The American mind has generally been one in which spirituality and sexuality generated personal ambivalence and conflict. It seems to me that Virginia Hilu wanted to help resolve the conflict by presenting one of the most iconic spiritual literary figures along with one of the most revered educators and philanthropists as human beings who in one sense indulged their passions while in another balanced and channeled their energies to achieve something greater than temporary satisfaction.
Moreover, her portrait of Haskell as a woman in command of the sexual, intellectual, and social choices that shaped her life even as she empowered the life of a major creative artist, a portrait sculpted from the letters she chose and sometimes “telescoped to one or two pages,” is a major contribution to American women’s biography. In more practical terms, a lot of biographers and scholars knew nothing about these letters and diaries until your mother revealed their existence in book form and it’s now virtually impossible for anyone to attempt a serious biography of Gibran without reference to them.
At the time that I acquired my 11th edition copy of the book, around 1995, the resurgence of “New Age” ideology had become strong enough that much of it began to blend into popular culture and Gibran was often cited as one of the early authors of such metaphysical perspectives in America. I happened to be writing in those years a column called Visionary Vibes and Beloved Prophet actually helped me to clarify some of the ideas and issues I addressed in different installments. Ironically, people who attended my open mic poetry readings often commented that some of my poems reminded them of Gibran when the truth is my poetry at that time was more heavily influenced by Rumi and it was my prose that was more influenced by Gibran’s and Mary Haskell’s voices speaking through the letters in Beloved Prophet. If anyone (You?) chooses to republish a hardback edition of Beloved Prophet, I hope you will consider adding an index–– that would be extremely helpful. Take care, Aberjhani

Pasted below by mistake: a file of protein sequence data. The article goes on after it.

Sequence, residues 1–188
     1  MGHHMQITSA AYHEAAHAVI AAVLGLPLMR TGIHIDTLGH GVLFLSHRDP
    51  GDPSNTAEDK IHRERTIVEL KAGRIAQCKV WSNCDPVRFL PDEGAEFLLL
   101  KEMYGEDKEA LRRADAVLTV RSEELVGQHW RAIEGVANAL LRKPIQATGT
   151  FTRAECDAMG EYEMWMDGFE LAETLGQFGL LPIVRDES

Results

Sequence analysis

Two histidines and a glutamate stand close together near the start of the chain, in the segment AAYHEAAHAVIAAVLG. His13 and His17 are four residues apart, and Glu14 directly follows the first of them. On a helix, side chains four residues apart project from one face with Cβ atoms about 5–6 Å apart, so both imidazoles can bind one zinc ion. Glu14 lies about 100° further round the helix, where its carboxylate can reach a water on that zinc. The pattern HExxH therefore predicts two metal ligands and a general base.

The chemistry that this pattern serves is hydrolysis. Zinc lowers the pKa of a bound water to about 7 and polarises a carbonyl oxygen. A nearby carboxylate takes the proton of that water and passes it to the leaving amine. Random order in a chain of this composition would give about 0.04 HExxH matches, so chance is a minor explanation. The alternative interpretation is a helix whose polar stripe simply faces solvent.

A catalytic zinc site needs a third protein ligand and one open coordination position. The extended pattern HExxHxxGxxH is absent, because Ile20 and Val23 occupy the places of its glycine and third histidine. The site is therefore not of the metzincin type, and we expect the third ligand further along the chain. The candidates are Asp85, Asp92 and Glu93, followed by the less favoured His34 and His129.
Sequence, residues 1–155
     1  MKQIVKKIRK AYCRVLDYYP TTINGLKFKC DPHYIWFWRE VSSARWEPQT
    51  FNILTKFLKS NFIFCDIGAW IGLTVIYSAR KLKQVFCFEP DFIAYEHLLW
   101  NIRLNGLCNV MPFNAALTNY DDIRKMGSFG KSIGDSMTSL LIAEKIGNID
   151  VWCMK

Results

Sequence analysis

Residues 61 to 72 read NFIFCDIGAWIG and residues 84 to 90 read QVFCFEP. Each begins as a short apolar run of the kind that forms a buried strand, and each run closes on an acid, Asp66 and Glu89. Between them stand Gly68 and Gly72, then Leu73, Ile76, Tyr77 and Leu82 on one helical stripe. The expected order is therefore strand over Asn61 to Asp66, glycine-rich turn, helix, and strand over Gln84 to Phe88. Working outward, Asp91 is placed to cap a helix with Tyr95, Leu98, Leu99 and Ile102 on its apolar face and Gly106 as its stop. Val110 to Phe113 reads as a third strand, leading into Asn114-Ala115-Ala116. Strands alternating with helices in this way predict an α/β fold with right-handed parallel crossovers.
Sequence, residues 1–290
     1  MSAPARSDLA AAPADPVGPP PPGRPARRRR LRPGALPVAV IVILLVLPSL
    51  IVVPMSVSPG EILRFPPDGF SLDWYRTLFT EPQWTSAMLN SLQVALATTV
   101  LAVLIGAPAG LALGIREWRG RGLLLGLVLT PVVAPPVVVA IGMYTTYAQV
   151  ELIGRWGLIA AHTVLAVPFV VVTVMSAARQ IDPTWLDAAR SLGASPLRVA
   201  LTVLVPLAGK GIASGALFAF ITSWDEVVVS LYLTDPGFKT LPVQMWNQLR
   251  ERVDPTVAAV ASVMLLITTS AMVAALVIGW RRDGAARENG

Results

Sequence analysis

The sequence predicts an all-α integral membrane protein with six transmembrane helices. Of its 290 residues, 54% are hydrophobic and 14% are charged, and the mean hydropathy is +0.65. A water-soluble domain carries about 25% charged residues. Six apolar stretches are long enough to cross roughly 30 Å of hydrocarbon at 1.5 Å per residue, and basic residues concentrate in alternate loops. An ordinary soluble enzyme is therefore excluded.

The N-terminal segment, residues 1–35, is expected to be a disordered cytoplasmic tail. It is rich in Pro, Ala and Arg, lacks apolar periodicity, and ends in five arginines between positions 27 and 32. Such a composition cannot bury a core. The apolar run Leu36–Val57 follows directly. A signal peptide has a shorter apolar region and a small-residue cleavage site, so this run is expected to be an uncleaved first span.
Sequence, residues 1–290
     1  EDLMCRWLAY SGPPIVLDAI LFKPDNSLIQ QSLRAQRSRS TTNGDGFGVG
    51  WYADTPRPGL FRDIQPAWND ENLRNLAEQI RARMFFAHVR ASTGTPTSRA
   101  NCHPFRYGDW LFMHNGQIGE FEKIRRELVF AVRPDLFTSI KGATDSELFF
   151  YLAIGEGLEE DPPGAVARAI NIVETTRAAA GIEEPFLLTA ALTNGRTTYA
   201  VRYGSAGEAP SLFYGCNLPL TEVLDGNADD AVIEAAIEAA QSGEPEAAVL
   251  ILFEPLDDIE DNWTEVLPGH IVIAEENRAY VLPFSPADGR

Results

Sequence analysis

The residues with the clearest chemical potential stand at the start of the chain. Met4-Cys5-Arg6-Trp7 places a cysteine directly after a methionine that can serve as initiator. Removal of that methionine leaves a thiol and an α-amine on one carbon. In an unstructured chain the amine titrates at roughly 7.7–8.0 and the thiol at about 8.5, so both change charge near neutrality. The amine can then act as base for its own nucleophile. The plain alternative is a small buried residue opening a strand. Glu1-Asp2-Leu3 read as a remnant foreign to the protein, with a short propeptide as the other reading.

While Einhorn’s Beloved Prophet 2020 has been abridged to accommodate contemporary reading tastes, his centennial edition of The Prophet has been expanded in a way that intensifies the text of the original. Both represent important extensions of the legacies previously noted. Possibly of greatest significance in regard to Beloved Prophet 2020 is the portrait it provides at this time in history of two people whose love and compassion for each other served as a kind of shelter and empowerment when desperately needed. More than a few souls on different continents can attest to the value of such life-saving connections during the age of COVID-19.
"Invitation to a Bob Marley Rock-Steady" title art graphic by Aberjhani)
How public celebrations of influential voices impact individual lives is one of the major themes in the book Greeting Flannery O’Connor at the Back Door of My Mind. If you‘ve been checking out previous synopses of the book and excerpts from it, you know already its primary points of focus are on the legacies of three authors: James Alan McPherson, John Berendt, and O’Connor. There are, however, quite a few more compelling figures within its pages, including Reggae master musician Bob Marley. The following except from Greeting Flannery O’Connor is about a remarkable concert Marley gave in Oakland, California, despite the illness from which he was suffering at the time, and which a young aspiring author excitedly attended. Following the excerpt is YouTube video footage of the concert itself:
Rocking Steady in Oakland
“As engaging as his songs were in and of themselves, there emanated from Marley’s raw corporeal soul-on-fire spiritual presence an infectious loving urgency which had nothing to do with being a stunningly innovative rock star. (What if the same could be said of O'Connor's non-threatening physicality for those who had found their way to Andalusia while she lived and coaxed from her enigmatic being something more than the thrill of greeting a celebrated writer?)